My super nintendo, with two controllers and an ASCII fighter stick SN, free from yellowing or smoke damage, bundled with countless classics and a game total nearing thirty, games that, even back then, were rare and sought after like dreamland 3, Yoshi's Island, and so many more...

    Set at a "buy it now" of $30.

    Snapped up within the hour of posting.

    My nintendo gamecube, which, at the time, was still reasonably current, along with two controllers, a 512 memory card and some of the best games on the system...

    Set at a "buy it now" of $20.

    Snapped up within the hour of posting.

    For years, the only video game I had was frogger for the gameboy, and I couldn't even play that with anyone.

    I haven't truly played any of those games for YEARS, and only now have I finally begun to reclaim what I lost.

    That's why I'm a collector. To reclaim the childhood I almost had.

    Now, you may be thinking..."What the hell does this have to do with the topic title?"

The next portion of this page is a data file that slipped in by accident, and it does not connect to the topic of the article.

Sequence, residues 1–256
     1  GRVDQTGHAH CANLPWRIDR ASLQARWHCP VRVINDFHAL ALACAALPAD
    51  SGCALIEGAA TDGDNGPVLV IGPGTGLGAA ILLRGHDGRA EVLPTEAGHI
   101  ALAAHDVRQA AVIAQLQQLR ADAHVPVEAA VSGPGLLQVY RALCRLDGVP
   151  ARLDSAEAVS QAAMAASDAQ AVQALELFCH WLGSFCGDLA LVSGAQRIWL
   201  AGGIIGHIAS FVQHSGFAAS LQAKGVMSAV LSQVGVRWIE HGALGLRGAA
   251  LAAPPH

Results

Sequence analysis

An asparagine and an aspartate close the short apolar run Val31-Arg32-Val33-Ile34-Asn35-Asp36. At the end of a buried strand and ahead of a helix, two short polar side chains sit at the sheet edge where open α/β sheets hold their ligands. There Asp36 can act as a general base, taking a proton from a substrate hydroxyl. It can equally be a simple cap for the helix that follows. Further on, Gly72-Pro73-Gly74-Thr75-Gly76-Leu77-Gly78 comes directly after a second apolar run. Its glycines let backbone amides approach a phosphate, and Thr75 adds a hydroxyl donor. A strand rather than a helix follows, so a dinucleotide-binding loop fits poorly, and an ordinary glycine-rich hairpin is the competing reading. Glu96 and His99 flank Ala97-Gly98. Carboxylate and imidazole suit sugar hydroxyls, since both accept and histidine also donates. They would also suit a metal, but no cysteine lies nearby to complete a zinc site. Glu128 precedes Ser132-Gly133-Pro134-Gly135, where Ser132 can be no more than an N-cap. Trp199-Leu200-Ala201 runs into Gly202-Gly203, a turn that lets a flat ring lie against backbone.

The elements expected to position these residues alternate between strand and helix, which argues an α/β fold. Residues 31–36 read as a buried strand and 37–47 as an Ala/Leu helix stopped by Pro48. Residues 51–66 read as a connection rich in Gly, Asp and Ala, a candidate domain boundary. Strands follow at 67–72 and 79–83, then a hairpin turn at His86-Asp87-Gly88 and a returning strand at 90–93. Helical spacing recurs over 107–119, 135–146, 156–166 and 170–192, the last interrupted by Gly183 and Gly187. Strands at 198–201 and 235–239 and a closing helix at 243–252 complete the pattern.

Imagine, for a moment, that you're at a garage sale. You see the one thing you've been looking for to complete your collection your entire life. The seller is an unknowledgable looking man who wants $10 for it. All of a sudden, a child runs out of the house, begging his father not to sell it. He informs the child that it's something he has to do, perhaps a punishment for a tantrum or a push to mature.

    Would you still be able to buy it?

    This is a question I don't expect definite answers for. There is a great possibility that someone else would just come along and get it after you pass it up, or that the father would just turn to the internet or even a goodwill to get rid of the troublesome system. Perhaps you'd try to inform him of the item's value, but that would likely make him even more tempted to sell it.

    Personally, I could never see myself doing this. I grew up knowing the pain of losing everything you enjoy and I would never do that to someone else if I could avoid it.

    But then, who's to say that lot I bought on ebay for a steal didn't suffer the same fate? Or the massively underpriced wii I picked up two years ago with porn bookmarks and a confused looking thirteen-year-old stuck to the photo channel?

    I think what I'm trying to get across is; do we, as collectors, take games away from those who would enjoy them even more than ourselves whether we know it or not?
    Last edited by recorderdude; 03-13-2013 at 11:20 PM.

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    Even if I didn't buy the game, someone else would. So I have no problem buying something that someone else wants to sell.